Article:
Many US parents dream of having more children. Financial worries are holding them back

www.iol.co.za
6 min read
fairly easy
The gap between the number of children people would like and the number they expect to have is at an all-time high in the United States.
Whitney Klemm and her husband had always dreamed of having three children. They both have good-paying, stable jobs – she manages contracts for a large dairy manufacturer in Utah and he is a project manager for an oil and gas services company – so she thought their joint income would more than enough to cover the cost. But then came their daughter, now two years old, and their son, now seven months. "I had no idea how much it was going to cost," Klemm, 34, said of having children. Taking several weeks of unpaid leave after each child's birth put the family behind. And the $2 000 (about R30 000) a month they pay for both children to go to a child care centre full time eats up nearly 20% of the family's disposable income, she said: "I still don't feel our family is complete. But I don't see a way out of it. It's really sad."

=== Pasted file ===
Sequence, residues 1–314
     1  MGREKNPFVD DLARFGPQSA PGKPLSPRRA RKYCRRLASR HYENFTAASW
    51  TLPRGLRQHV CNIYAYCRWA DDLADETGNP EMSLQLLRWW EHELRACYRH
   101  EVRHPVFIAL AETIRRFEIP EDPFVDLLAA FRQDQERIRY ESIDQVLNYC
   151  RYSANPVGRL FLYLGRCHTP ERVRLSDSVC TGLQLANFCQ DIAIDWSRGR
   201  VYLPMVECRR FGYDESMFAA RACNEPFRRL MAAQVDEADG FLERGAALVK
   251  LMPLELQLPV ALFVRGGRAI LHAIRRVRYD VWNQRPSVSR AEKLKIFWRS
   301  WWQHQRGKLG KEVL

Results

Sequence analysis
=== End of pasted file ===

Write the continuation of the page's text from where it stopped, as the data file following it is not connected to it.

Stories like Klemm's are becoming more common. The fertility rate in the United States was already at a record low in 2019, before the Covid-19 pandemic hit and pushed the rate even lower. The gap between the number of children people would like and the number they expect to have is at an all-time high - a sign, some researchers say, that having children in the United States is just too difficult. "We don't talk about what a financial burden having even a planned pregnancy can be," said Diana Limongi. The 39-year-old blogger had her two children before New York State passed a paid family leave policy, so she had to rely on savings and credit cards to recover from childbirth, she said, and continues to rely on family to help with child care. As Democrats in Congress continue to wrangle over what could be the first major federal investment in child care and a paid family and medical leave plan to make it easier for people to start and raise families, a new survey released last week by the Pew Research Center finds that a growing share of Americans say they're unlikely to have kids at all.

Forty-four percent of non-parents surveyed by Pew said…
The Washington Post
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